Well, I have posted quite frequently about my interest in Blackberry cellphones in the past. I often lamented the fact that the Bold was delayed terribly especially since my phone is getting old in the tooth and desperately needs replacement.
As the old adage goes, "When it rains, it pours", I have gone from having no new options to two brand new choices. AT&T announced the Blackberry Bold which is the newest QWERTY BB. This phone is essentially the newest version of the traditional BB form factor device. It has been delayed incessantly and is finally available. Definitely a good choice although it is simply an enhanced version of the existing platform.
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Okay, I need to go to bed, but before crashing on this marathon night. (3rd post!) I wanted to mention that I just saw that the Blackberry Bold is now available from ATT Wireless. It has been a long wait especially since it was supposed to be released in May! That said, if you want the coolest QWERTY 3G Blackberry, this is the phone for you.
I am in the market for a new Blackberry, but have decided to wait for the touchscreen Blackberry from Verizon aka The Storm. It should be out in the next two weeks.
A couple of days ago, I posted about my frustration with Apple’s AppStore. Recently, T-Mobile announced the G1 which is the polar opposite of the iPhone from a platform standpoint. The G1 is based off of Google’s new open source Android software which is a highly extensible OS for smart phones. The beauty of the platform is that the API’s are publicly available and anyone can write applications.
Android is thus avoids the Apple big brother approach to applications. In my opinion, this is the right way to do it. End users shold have the right to download and install any application they want. This is the way it is with Android, with my Blackberry and should be with the iPhone.
I hope that Apple recognizes this issue; however, I am not sure if they ever will. Their historic model is a proprietary one where they tightly control the hardware and software of their platforms and thus I think that it is unlikel they would change this for the iPhone.
The Blackberry Bold seems to be one of those products that is perpetually delayed. The original launch date of the phone was supposed to be June, but due to software glitches, it was delayed. The most recent launch date specified was October 2, but yet again, it is delayed. Ironically, it has been released all over the world and so the launch delays are US specific.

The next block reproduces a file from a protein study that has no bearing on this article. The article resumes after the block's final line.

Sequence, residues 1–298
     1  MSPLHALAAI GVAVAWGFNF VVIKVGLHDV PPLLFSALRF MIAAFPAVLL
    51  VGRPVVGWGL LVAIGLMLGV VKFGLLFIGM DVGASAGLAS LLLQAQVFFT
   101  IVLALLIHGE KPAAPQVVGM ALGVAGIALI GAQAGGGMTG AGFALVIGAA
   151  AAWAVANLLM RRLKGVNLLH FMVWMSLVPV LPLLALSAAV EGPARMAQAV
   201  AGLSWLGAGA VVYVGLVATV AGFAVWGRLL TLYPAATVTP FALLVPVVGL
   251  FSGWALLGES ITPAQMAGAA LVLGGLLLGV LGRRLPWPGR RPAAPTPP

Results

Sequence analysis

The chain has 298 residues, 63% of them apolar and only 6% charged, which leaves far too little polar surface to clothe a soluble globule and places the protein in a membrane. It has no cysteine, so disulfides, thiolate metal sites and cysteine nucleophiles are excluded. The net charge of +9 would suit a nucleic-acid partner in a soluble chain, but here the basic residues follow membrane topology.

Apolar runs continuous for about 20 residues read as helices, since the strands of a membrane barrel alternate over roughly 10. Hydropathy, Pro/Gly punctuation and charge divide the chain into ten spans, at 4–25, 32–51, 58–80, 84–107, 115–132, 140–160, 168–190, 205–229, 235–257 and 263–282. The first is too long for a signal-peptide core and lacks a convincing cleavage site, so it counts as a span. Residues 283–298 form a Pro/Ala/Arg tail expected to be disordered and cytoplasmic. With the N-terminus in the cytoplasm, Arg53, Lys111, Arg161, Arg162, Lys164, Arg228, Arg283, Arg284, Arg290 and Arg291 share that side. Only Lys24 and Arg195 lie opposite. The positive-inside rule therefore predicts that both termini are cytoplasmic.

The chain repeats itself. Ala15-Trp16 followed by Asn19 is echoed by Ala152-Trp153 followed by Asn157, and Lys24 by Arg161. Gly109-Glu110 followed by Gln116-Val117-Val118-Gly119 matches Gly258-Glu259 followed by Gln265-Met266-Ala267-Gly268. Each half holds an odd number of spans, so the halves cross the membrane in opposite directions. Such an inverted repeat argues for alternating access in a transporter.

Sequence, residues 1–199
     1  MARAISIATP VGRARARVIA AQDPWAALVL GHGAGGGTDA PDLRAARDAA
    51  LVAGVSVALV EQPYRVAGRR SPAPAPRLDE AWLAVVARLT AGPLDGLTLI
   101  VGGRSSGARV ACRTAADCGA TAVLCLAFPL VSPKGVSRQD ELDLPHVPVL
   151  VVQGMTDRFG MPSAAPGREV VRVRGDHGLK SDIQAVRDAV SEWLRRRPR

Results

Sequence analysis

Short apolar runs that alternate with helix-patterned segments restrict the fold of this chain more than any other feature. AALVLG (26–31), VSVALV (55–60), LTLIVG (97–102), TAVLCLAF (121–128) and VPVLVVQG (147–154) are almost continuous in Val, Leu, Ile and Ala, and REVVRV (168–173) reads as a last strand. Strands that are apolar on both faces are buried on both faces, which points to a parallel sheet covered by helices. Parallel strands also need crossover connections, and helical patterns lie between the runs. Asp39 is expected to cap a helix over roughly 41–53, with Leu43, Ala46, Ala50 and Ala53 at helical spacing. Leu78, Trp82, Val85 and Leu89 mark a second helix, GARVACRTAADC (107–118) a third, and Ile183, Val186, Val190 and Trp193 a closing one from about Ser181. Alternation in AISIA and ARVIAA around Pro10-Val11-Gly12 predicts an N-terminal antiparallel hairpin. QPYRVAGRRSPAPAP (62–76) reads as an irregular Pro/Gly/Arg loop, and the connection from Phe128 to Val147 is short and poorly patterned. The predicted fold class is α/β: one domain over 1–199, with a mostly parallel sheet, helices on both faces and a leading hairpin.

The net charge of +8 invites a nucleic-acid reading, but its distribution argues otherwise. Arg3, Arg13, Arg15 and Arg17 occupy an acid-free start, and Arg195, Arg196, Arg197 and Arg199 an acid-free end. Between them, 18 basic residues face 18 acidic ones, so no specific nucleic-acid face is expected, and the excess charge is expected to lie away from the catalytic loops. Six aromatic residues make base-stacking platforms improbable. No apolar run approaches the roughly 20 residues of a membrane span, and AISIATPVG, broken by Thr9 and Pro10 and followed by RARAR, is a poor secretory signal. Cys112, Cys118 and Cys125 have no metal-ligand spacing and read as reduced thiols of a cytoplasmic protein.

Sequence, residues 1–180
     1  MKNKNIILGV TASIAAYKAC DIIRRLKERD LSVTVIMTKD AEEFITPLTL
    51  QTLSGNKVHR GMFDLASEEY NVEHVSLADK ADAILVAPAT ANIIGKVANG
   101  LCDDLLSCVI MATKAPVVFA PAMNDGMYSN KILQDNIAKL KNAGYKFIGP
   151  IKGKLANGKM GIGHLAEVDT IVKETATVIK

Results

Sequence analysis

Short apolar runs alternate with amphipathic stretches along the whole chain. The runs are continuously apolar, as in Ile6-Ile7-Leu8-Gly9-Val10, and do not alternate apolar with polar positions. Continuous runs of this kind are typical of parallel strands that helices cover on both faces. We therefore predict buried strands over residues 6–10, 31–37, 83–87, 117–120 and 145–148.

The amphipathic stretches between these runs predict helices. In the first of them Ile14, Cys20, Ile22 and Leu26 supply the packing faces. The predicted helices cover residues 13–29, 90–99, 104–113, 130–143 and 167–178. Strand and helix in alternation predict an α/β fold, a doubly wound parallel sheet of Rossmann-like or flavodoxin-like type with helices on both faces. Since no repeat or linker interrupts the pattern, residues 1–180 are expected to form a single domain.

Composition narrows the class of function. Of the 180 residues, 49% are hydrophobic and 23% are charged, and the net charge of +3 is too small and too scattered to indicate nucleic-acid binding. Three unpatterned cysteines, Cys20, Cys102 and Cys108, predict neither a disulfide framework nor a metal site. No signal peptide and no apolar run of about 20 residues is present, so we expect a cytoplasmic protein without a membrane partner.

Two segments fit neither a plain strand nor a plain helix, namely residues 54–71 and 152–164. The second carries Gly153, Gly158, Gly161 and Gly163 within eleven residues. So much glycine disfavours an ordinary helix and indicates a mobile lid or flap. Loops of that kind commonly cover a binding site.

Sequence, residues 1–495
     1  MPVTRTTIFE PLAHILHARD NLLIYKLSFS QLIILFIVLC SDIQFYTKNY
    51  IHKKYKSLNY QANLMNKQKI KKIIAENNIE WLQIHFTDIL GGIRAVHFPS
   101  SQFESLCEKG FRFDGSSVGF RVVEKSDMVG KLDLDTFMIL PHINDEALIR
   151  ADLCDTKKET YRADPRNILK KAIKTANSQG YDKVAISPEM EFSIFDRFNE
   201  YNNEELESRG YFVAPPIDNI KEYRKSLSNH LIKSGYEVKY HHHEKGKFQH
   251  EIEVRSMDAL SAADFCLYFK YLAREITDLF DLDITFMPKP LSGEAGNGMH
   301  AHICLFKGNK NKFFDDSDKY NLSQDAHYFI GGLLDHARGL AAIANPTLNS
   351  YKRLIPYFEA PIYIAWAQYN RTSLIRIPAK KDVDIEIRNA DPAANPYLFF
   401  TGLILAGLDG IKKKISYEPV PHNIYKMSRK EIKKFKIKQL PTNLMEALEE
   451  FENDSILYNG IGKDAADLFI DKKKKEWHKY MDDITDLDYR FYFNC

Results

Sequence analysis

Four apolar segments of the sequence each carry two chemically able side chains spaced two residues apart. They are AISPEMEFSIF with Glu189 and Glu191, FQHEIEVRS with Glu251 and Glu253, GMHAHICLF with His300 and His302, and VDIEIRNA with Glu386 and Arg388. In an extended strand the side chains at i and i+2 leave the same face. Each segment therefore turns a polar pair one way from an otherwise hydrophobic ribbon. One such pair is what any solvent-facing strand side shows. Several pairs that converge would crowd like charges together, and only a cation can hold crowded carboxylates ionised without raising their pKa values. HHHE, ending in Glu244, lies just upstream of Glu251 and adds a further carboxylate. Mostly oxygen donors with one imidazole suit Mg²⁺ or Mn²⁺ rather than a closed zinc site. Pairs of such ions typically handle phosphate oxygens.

One question that I ponder is whether an element of the delay is due to AT&T purposefully delaying to sell more iPhones. This could be a conspiracy theory, but I think that it could be possible.
The other issue is that AT&T is now going to launch the phone around the same time that Verizon launches the Storm. The Storm, if you have forgotten, is RIM’s touchscreen Blackberry and is meant to compete with the iPhone. Had AT&T launched the Bold earlier in the year, they would have had a jump start on the Verizon phone. That time advantage has now been squandered and it is unclear when the Bold will arrive.
As it stands, I believe that the arrival of the Storm will cause many end users to delay Bold purchases and possibly bypass the phone altogether. This could be trouble for AT&T and so it will be interesting to see how the sales of the two devices compare. I am holding off until I can check out both devices.
I previously posted on my frustration with Apple, iTunes and the iPhone AppStore. My frustration was with the Apple’s tight control of the AppStore and the iPhone in general. I recently ran across another post that further clarified the point.
One of the criticisms of the iPhone is that its browser does not support Adobe Flash. Adobe is far along in developing a flash player for the platform. When asked about offering it to the public, the answer was "when Apple allows us." Here is the actual article. This is the frustration.
Adobe Flash Player is an important enhancement to the iPhone platform and you would think that it would be available immediately. Unfortunately, Apple tightly controls the iPhone and application distribution and so all authors depend on them. This draconian control is very frustrating.